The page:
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30-day limited warranty
List Price $99.95 Save $30.00 (30%)
as low as $12/month
Multi-pumps have stood the test of time because they are perfect for all shooters. Everyone can shoot a multi-pump. If you are young or small or don't have any muscle power, put just 3 pumps in the gun and shoot it. If you like power and can pump a lot, then go all the way up to full power with 8 pumps.
The Crosman Bushmaster ACR shoots either BBs or pellets, allowing you to shoot whatever ammo you have got on hand. Combine that with the variable number of pumps, and you have got the perfect airgun.
Get extra clips if you want to shoot pellets (same ones used by the Crosman 760 Pumpmaster) and load up so you don't have to interrupt your range time with a lot of reloading.
When you shoot steel BBs, do not shoot at hard objects or water. The BBs will ricochet! No matter what ammo you are using, remember to wear safety glasses. In fact, everyone in the vicinity of the range should wear safety glasses, even if they are not shooting. Remember to remove all pets from the range before you start shooting.
|Max Velocity||800 fps|
|Cocking Effort||3-10 pumps|
|Front Sight||Adjustable for elevation|
|Rear Sight||Adjustable for windage & elevation|
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Things I liked: 5 pellet cartridge. Easy loading. Looks.
Things I would have changed: The sights.
What others should know: Personal experience: My first Bushmaster had to be returned due to a serious lack of power (faulty power plant) and was exchanged for another one. (thank you Pyramyd Air!) The new Crosman Bushmaster (rated at approx. 750 fps) was compared with my Daisy Powerline 880 (rated at approx. 700 fps), and found to be half as powerful -- sinking the pellets only half as deep as my Daisy in a block of wood at point blank range. Same pellets (two types), same distance, and same pump amounts were used for each rifle to compare. I was hoping for at least the same power as my Daisy, but did not expect HALF AS MUCH, even though the fps rating is higher in the Crosman! Thus I will not purchase a Crosman again due to my two experiences with poor power in their products that fall quite short of that advertised.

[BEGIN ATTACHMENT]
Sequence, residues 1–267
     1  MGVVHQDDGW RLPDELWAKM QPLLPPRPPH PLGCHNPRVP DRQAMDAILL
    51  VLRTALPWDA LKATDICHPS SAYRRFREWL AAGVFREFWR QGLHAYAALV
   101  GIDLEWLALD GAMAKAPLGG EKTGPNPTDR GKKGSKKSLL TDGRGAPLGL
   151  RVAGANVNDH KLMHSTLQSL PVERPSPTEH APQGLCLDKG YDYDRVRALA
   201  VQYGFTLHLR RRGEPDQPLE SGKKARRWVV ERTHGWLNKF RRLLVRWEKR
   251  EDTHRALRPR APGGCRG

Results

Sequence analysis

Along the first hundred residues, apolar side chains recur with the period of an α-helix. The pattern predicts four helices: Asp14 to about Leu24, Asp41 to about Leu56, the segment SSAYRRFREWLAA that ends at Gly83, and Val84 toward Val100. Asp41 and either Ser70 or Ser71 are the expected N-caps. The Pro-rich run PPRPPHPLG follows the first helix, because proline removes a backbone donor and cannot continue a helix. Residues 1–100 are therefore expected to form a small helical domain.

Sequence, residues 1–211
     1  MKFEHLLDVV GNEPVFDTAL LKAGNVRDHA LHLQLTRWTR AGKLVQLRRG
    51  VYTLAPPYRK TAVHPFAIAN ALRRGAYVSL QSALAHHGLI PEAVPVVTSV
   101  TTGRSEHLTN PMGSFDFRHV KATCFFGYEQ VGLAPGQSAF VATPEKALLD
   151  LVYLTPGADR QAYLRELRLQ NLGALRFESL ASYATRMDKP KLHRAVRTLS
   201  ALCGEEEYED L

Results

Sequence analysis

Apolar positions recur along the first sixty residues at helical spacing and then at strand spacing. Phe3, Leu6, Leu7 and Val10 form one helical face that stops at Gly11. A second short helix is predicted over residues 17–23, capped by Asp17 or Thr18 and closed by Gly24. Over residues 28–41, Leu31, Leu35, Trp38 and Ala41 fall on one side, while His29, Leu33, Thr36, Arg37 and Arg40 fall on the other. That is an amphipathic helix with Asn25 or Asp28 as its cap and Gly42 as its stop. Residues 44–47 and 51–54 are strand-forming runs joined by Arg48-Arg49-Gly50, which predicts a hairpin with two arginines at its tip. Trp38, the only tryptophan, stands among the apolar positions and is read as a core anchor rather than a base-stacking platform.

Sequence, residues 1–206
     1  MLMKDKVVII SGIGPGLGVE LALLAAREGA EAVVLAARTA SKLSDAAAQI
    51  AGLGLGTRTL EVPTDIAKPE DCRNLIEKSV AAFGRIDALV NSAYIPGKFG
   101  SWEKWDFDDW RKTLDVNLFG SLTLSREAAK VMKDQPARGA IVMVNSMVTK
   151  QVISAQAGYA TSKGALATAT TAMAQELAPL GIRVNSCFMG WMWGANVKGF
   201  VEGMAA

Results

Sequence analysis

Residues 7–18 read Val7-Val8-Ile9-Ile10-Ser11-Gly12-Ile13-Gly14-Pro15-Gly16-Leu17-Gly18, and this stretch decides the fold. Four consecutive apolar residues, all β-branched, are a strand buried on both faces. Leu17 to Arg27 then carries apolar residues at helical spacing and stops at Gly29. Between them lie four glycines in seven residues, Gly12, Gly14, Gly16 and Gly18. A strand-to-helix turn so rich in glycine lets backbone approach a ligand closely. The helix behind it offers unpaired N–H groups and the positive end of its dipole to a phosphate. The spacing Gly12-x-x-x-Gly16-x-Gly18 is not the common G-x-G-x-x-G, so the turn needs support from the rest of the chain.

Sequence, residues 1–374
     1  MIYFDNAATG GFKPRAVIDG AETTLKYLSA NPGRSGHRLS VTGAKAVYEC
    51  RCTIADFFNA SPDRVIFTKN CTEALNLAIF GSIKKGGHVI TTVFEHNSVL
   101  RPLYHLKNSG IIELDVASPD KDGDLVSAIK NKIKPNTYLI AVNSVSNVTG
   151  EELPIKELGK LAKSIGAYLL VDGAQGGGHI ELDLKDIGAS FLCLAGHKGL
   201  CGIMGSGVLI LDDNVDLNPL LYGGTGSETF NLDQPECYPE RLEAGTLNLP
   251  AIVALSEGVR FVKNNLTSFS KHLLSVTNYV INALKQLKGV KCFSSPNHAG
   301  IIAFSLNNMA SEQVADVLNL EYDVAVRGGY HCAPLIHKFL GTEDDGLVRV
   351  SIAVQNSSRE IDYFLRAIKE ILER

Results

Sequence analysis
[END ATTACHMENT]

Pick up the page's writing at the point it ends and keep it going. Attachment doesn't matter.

Things I liked: Of all other crossman 177 series rifles I like this one the best. I filled the BB chamber to the max for weight and it helps to balance the somewhat heavy nose of the rifle . The trigger on mine was especially smooth and dime size groups at 25 feet are common and should be tighter once I can bench rest it. The operation of the rifle is odd because the bolt and mag strips operate on opposite sides of the receiver. It calls for a different way of handling the reloading process. None the less I love the way it feels in my hands and it's power and accuracy.
Things I would have changed: Move bolt operation to opposite side.
What others should know: I like pump rifles and this is my favorite among the crossman 177 series rifles all of which are very accurate. I put full loads of BB's in all of the 177 rifles for the added weight using a pen thru the feed hole to pack the BB's tighter.
Things I liked: Cool looking. Rifled barrel and decent accuracy. Long picatinny top rail.
Things I would have changed: The "cooling vent holes" on the handguard are in exactly the right/wrong position to make the fingers on your pumping hand sore after repeated pumping. Sight adjustment was an issue. Elevation is only via the front sight post and I had to unscrew it all the way up - to the point is was very wiggly. In the end, I chose to not use the Crosman sights and upgraded. The "handedness" of this rifle is awkward. The pellet feed is from right to left while the bolt cocking lever is on the left. This requires enough passing back and forth between hands for each shot that it kinda gets annoying. It would be cool if the stock had adjustable length of pull and/or folded. As it is, it's completely rigid.
What others should know: I bought a 3-slot clamp-on pic rail riser and put it on the front "gas block" for added elevation to address the front sight post height issue. I needed to carefully hacksaw about 3/16" of the plastic "gas regulator" off to get the rail to fit. I also splurged and spent $20 for a set of front and rear metal folding sights (Amazon). With the boost from the pic rail and the new sights, I actually needed to grind about 1/16" off the front sight post to then lower it. This addition took some time and money, but adds to the cool factor and also makes the use of a red dot sight or optic really easy.
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Please clarify the following between the info on Pyramyd Air and the Crosman box/user manual (this inquiry replaces my previous question): 1. Pyramyd Air: 3 - 10 pumps vs. Crosman 3 - 8 pumps 2. Pyramyd Air: 800 fps vs. Crosman 900 fps.
3-8 is correct. Again, PA is using the BB and alloy velocity while the 900 fps crosman uses is what they achieved with alloy pellets.
1. The Bushmaster box states that it is 900 fps max, whereas this site states (in several places) that it is 800 fps max. Which is more accurate (I suspect the box is too exaggerated)? I do not have access to a meter to make a test myself, but a 100 fps difference in stats is considerable! (I realize that using different pellets/bbs makes a difference, but I assume that a max speed was attempted by both the manufacturer and external testers, so if the results are that different, I had to ask why the large discrepancy?)
Crosman states 900 fps with alloy ammo,PA lists the weight with lead and BBs only.
Is the barrel rifled?
|Max Velocity||800 fps|